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UK Survey Shows Electronic Cigarettes Don’t Lead Youth to Smoking

British anti-smoking charity Action on Smoking and Health (ASH) has recently published the results of its third annual survey of youths’ attitudes toward electronic cigarettes, and they once again show e-cigs do not act as a gateway to smoking. The organization’s previous two surveys – from 2013 and 2014 – yielded similar results.

ASH-surveyIn March, ASH UK surveyed 2,300 youths aged 11 to 18 and found that although the proportion of young people who had tried e-cigarettes “once or twice” has grown from 4% in 2013 to around 10% in 2015, regular use remains low, with only 2.4% of respondents reportedly using e-cigs at least once a month. Furthermore, almost all of these regular users answered they had been, or still were, regularly smoking tobacco.

Interestingly, the increase in electronic cigarette use and awareness among teens also coincided with an all-time low smoking rate among 11-15 year-old’s of 3%.

Hazel Cheeseman, director of policy at ASH, said: “These results should reassure the public that electronic cigarettes are not linked with any rise in young people smoking. Although more young people are trying electronic cigarettes and many more young people are aware of them, this has not led to widespread regular use or an increase in smoking.”

Professor Kevin Fenton, national director for health and well-being at Public Health England, said: “This survey provides further confirmation that regular use of electronic cigarettes is still low and largely confined to young people who are already smokers.”

More concerning, however, is the fact that more and more youths believe electronic cigarettes are just as harmful, if not more so, than tobacco cigarettes. According to Action on Smoking and Health, the proportion has increased from 11% in 2013 to a whopping 20% in 2015, even though most scientific evidence clearly shows vaping is considerably safer than smoking tobacco.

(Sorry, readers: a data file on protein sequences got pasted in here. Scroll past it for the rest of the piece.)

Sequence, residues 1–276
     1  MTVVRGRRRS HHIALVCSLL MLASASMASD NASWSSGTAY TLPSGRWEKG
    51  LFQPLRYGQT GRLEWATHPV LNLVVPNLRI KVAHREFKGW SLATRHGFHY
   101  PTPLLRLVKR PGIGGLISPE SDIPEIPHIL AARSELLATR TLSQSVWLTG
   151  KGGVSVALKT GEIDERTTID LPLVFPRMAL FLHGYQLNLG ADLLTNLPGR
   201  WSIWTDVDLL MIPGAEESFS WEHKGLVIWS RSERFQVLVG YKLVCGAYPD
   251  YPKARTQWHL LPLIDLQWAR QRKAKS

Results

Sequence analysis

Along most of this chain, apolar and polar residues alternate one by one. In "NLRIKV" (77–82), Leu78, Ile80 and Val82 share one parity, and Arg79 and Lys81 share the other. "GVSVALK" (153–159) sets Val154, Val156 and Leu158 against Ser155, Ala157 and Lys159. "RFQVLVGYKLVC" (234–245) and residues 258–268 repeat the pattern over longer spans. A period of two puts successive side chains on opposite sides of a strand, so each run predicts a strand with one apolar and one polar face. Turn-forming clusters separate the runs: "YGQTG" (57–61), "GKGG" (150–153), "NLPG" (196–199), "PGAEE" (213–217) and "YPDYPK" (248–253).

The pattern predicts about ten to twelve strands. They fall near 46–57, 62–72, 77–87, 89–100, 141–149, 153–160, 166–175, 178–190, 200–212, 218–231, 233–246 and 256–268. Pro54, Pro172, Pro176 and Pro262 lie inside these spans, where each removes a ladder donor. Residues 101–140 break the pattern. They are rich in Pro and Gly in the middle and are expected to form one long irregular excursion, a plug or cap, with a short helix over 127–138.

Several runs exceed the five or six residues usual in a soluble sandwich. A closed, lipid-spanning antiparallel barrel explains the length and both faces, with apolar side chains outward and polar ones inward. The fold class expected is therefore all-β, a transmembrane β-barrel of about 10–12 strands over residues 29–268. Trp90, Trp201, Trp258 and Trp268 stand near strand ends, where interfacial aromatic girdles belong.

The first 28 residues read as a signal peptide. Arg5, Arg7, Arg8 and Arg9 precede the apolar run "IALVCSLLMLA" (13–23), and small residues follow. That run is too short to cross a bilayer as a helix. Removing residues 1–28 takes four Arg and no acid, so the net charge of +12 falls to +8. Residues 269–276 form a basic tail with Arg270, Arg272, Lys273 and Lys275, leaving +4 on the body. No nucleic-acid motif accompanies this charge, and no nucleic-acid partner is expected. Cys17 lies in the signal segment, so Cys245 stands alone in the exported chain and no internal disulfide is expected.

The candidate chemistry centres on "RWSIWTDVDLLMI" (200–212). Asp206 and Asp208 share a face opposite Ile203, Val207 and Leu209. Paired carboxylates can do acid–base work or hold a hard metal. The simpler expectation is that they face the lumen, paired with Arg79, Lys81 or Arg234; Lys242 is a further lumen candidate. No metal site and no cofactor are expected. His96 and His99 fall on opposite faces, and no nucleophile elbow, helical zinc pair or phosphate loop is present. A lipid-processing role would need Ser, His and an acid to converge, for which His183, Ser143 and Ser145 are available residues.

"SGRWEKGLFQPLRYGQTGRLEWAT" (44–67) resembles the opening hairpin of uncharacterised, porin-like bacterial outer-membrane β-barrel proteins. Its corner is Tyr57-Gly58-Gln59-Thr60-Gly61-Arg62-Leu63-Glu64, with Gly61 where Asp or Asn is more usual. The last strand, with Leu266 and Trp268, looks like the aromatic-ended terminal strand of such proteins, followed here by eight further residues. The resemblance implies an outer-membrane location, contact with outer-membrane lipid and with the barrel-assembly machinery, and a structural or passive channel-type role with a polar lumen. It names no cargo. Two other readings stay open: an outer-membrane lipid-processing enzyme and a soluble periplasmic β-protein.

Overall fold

The findings of the 2015 survey coincide with the results of an analysis of the charity’s previous two surveys, from 2013 and 2014, by by staff at Public Health England (PHE), the UK Centre for Tobacco and Alcohol Studies, and other experts. In their published report, they also expressed concerns at the increasing number of teens who perceive e-cigarettes to be as hazardous as tobacco ones. This, they said, could reduce the number of youths “willing to try and/or use what is evidently a much less hazardous source of nicotine.”

Professor Linda Bauld, of Stirling University, an expert on smoking behavior, said the results of the ASH survey further confirm scientific evidence that electronic cigarettes are not a gateway to smoking, but found it alarming that so many young people misunderstand the danger posed by vaping when compared with smoking. “This confusion may have contributed to a rising perception in young people – a view which almost doubled between 2013 and 2014 – that e-cigarettes can cause the same level of harm to the user as tobacco,” she said. “This is concerning as it may contribute to some young people continuing to use a deadly product – the cigarette – rather than try less-harmful alternatives.”

To be honest, the increase in the number of people who believe electronic cigarettes to be as harmful or more so than tobacco cigarettes is not at all surprising, if you consider the active scaremongering campaign in the media, the attitude of organizations like the World Health Organization and the FDA towards electronic cigarettes, and the negative public statements made by prominent anti-smoking activists.

Quite frankly, electronic cigarettes are winning the scientific battle, but, contrary to any logic, it seems to be the only one that doesn’t matter.

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